Sun, water and earth combine to form carbohydrates and sometimes nitrogenized carbohydrates (proteins), all of which burn through either combustion or metabolism in relatively short time spans. Simple carbohydrates, like leaves and vegetable matter, burn relatively quickly and usually within a year. More complex carbohydrates, lignins, like trees, have a longer calendar for burning, but a visit to any forest shows that at all times some of the lignin is being burned, if not by fire then by microbes and bigger creatures. If the full family of carbohydrates did not burn, the litter would make it very difficult to move about on the land surfaces of Earth, and lightning ignitions would be enormously hazardous to mammals. As it is, humans are working industriously on a positive feedback loop of carbon emissions that increase heat and carbon dioxide, that in turn increase heat and carbon dioxide and more forest fires.

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From the Editor: Fire on the Mountain

By Mike Rosso

July 10 was a crystal clear, blue sky, Colorado day when my friend Julia and I decided to take a hike on the Colorado Trail up on Monarch Pass.
That same day, the temperature recorded at Denver International Airport hit 101 degrees, setting a record high for that date. But we were very contented with the comfortable 80 degrees the mountains afforded us. The forest floor was lush with flowers and undergrowth. Fooses Creek was running clear, cool and bright. You couldn’t really ask for a nicer day.

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Tough Month

It’s been an abysmal news cycle in Colorado since our last issue. First, we had one of the worst fires in our state’s history. 346 homes were destroyed on the edge of Colorado Springs in the 18,247-acre Waldo Canyon fire which started on June 23. As of press time, the cause has yet been determined.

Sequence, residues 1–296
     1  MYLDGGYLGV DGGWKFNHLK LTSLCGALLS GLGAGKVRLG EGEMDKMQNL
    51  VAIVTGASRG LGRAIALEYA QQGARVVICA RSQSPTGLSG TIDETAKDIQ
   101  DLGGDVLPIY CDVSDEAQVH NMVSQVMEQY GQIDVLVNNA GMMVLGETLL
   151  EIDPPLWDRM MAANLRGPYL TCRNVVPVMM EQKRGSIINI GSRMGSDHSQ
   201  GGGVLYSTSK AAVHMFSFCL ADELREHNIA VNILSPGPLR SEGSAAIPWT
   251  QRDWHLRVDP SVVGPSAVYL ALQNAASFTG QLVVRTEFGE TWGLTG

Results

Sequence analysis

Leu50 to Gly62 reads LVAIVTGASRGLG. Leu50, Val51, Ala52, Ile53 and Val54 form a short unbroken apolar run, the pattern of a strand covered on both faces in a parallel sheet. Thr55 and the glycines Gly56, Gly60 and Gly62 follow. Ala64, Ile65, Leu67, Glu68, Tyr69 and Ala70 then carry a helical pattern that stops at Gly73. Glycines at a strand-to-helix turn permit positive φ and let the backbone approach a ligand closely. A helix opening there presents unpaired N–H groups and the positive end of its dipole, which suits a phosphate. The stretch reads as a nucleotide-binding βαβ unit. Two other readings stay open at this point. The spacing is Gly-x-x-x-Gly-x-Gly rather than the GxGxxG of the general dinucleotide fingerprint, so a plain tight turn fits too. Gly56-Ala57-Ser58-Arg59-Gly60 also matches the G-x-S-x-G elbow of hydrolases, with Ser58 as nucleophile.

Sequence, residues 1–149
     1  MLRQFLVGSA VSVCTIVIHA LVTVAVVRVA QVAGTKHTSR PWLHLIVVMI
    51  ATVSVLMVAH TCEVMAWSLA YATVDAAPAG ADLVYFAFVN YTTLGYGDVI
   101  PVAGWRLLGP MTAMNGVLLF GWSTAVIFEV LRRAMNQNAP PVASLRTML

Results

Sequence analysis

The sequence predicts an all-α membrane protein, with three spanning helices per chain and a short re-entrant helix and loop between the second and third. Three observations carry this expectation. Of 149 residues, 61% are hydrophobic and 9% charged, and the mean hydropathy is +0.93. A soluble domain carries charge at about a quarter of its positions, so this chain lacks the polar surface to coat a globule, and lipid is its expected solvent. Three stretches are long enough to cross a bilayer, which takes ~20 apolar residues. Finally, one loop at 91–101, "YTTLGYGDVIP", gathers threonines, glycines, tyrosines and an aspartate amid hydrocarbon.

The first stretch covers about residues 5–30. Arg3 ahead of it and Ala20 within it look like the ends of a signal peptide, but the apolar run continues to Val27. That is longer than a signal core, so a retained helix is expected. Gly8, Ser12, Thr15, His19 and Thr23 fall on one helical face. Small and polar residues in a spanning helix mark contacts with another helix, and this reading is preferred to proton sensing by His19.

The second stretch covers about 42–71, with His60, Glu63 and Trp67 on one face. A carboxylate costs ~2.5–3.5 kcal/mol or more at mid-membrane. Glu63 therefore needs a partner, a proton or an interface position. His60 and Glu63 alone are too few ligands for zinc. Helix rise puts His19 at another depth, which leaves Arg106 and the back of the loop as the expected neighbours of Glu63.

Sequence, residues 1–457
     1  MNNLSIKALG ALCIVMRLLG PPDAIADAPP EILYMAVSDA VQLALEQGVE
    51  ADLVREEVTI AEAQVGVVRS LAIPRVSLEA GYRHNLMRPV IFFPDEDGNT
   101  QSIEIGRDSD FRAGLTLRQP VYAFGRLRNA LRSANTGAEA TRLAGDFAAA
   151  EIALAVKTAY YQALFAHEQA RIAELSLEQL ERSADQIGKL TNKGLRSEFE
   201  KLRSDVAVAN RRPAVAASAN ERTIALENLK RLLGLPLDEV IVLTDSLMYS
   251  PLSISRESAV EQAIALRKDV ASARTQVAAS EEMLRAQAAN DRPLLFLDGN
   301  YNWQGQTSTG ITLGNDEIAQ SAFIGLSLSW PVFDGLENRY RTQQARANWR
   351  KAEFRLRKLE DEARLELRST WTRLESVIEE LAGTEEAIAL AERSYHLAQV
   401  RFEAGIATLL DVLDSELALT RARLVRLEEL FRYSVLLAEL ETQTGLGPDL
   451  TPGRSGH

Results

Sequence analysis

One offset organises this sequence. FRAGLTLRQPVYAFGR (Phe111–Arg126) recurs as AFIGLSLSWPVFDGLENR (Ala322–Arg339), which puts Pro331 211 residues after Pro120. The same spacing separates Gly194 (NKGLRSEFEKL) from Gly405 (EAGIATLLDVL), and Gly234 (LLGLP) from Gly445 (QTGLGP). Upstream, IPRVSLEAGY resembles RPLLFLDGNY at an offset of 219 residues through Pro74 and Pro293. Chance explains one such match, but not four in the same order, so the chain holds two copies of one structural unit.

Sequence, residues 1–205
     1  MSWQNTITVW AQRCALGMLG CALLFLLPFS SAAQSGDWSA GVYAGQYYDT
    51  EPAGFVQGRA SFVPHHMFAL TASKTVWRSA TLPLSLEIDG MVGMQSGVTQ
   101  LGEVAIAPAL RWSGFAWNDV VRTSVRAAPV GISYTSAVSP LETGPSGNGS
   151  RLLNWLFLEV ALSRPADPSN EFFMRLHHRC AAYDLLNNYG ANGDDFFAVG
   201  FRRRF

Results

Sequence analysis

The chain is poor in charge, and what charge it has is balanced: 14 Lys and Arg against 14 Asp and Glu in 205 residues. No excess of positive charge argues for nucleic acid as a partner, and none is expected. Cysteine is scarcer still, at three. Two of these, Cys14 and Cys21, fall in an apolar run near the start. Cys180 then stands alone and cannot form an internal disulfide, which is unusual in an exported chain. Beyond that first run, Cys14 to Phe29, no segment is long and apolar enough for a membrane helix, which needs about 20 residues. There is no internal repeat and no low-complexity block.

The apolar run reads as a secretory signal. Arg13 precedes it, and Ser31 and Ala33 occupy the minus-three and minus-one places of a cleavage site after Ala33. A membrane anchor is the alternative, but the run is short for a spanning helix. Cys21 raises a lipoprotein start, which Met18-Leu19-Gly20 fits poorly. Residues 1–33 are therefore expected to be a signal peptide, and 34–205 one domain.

Here in Salida, we felt some of the effects: from smoke in the valley to evacuees taking refuge in the cooler climate. At the local farm market I met a couple from Woodland Park who had to evacuate their home and were fortunate to have a second home here to escape to. Another couple were from Manitou Springs, the first area to be evacuated, and were camping out on national forest land. They joked about how they weren’t allowed to have a campfire.

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New settlement patterns increase fire risks

Brief by Allen Best

Fire – September 2007 – Colorado Central Magazine

USA Today reports a major influx of new residents in the semi-rural areas of the West, setting the stage for potentially costly and — and deadly — wildfires.

The newspaper analyzed population figures to conclude that roughly 450,000 people have moved into these wildfire-endangered areas since 2000.

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Spontaneous combustion

Brief by Allen Best

Fire – July 2007 – Colorado Central Magazine

It was, said one shop-owner, the most interesting thing that happened in Crested Butte during the spring shoulder-season. A storage shed located in the town park spontaneously combusted.

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The burning threat to the Sangres

Article by Tom Wolf

Fire – August 1994 – Colorado Central Magazine

Wildfire is burning in the Wet Mountain Valley. I smell the smoke before I see it. If I were alone here, I might be glad for a stirring burn; we’re a century or so overdue.